I loosen my hair from the thick plat and brush it fiercely with the whale bone comb the young mistress flung out the window in one of her rages. I flick my hair up, sweeping it into a bun and secure it tightly on my crown, ensuring no wisps escape around my ears. Her Ladyship will inspect all of the staff before they set off to their Mother Churches this morning. She warned us that if a thread or hair were out of place, she would not allow us to leave as it would bring shame on her name.
I decide to loop a shawl around my shoulders as it will hide the puckered material across my chest. With my sturdiest boots in my hand, I creep down the stairs and make my way down to the kitchen. Dawn has just broken and I can only imagine her Ladyships displeasure should she be woken by my clomping heels above her.
I shiver with delight, anticipating the freedom once I leave the Manor Gates. The world is seen through the gratings of the kitchen windows or from atop in my attic room. I see the well to do folk promenade up and down the streets, hear the hiss and crackle of the gas lanterns at night. One day a year I too can experience this world outside the Manor.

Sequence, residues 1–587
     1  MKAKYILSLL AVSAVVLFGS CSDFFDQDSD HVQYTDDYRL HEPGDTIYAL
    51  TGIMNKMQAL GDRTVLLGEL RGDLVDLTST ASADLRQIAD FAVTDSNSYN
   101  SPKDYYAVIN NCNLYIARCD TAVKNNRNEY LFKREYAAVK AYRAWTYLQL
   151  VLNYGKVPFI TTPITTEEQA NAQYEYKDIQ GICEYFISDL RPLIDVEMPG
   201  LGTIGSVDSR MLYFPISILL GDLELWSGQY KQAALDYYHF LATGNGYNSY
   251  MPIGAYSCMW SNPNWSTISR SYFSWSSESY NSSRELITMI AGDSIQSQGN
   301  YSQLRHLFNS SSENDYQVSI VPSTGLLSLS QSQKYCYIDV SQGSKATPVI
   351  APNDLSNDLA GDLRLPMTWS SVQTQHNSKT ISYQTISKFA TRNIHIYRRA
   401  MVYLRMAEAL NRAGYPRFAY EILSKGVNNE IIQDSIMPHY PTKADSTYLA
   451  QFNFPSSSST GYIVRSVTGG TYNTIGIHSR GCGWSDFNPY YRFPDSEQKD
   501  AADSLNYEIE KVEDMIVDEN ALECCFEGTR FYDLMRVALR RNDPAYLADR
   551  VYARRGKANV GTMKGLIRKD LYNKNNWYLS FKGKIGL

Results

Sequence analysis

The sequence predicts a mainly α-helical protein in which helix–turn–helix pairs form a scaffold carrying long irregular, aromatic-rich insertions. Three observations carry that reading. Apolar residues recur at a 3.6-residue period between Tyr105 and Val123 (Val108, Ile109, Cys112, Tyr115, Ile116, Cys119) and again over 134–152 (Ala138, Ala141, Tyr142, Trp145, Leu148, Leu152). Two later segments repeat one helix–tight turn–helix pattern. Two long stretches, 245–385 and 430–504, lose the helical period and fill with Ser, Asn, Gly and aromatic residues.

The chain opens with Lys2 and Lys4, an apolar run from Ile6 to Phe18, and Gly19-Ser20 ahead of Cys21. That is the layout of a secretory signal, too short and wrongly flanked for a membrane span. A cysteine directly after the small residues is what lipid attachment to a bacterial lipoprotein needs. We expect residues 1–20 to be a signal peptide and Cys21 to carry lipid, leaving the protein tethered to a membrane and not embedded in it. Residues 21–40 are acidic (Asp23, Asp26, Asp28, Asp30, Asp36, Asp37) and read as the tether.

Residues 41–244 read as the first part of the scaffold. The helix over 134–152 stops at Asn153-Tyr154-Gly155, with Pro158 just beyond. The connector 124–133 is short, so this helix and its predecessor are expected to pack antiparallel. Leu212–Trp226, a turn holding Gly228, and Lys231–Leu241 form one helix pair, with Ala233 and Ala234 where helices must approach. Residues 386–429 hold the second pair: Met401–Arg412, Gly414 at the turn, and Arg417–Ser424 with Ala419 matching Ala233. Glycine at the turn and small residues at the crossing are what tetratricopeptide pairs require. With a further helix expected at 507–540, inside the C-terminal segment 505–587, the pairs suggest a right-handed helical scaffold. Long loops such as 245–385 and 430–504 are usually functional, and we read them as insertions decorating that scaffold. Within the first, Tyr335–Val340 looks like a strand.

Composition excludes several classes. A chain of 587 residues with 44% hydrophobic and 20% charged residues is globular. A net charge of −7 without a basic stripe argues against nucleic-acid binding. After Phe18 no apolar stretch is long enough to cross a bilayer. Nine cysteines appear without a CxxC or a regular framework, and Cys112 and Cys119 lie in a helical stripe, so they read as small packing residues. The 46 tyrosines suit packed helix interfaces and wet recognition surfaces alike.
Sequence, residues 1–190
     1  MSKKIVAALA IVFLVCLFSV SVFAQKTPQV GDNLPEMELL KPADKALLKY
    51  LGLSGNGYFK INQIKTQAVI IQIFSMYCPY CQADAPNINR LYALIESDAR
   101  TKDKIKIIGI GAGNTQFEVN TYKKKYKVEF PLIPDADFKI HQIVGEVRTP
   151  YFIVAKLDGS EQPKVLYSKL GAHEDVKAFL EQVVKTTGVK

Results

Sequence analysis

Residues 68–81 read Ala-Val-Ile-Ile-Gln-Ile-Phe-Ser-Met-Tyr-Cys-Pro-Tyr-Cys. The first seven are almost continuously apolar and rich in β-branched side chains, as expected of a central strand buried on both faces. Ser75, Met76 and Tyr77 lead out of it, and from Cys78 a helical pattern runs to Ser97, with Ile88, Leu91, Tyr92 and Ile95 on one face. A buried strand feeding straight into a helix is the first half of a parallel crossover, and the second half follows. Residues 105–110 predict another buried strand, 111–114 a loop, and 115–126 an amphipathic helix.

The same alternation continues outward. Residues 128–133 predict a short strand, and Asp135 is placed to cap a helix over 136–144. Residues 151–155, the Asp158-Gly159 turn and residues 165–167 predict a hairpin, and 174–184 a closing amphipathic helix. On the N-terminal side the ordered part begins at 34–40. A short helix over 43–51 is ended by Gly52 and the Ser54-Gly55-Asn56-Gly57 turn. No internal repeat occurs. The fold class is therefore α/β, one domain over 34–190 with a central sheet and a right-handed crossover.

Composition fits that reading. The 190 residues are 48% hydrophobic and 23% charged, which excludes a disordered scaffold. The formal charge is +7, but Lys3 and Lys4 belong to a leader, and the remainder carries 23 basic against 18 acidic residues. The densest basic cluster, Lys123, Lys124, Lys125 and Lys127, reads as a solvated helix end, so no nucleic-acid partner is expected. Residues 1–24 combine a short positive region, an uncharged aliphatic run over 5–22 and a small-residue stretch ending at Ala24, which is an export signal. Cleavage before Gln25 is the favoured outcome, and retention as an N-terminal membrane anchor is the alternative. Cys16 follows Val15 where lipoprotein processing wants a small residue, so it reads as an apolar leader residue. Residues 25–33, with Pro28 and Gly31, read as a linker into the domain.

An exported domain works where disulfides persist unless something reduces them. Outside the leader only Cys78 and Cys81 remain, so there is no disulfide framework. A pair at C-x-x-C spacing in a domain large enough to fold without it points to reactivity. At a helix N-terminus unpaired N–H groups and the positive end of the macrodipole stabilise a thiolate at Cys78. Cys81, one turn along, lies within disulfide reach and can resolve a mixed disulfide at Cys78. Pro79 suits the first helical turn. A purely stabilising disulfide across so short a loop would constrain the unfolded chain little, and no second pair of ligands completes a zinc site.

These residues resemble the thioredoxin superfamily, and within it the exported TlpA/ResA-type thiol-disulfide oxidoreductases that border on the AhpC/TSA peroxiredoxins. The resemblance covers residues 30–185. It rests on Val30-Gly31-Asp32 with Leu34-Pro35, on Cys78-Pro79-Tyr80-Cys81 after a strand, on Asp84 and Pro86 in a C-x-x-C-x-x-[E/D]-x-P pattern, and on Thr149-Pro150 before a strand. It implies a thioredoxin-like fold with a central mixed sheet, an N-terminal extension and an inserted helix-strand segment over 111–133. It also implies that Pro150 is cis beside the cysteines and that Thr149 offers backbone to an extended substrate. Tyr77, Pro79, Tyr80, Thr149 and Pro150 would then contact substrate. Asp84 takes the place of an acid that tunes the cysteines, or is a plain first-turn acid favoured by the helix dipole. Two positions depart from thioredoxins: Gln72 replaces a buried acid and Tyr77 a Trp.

Nellie smiles at me as I enter the huge kitchen. She pokes the roaring fire and sucks on her pipe as she points to the steaming kettle set on the table. Blowing a stream of smoke from her nose, I stifle a giggle as I try not to verbalise her dragon nickname. I bob a thanks to her and make a cup of herbal tea. Nellie likes to think she is above the rest of us girls and forces us to cursty first thing in the mornings; as if she was the Mistress of the Manor.
“Yer Simnel Cake is over there luv. It come out real nice too. Shows a dumb cluck like you can learn somethin’ other than to mop a floor.”
I bite back a retort and smile demurely. “Thanks to your good teaching Miss Nellie. My Mam will be pleased.” My herbal tea steeps, its aromatic smoke winds its way around my head.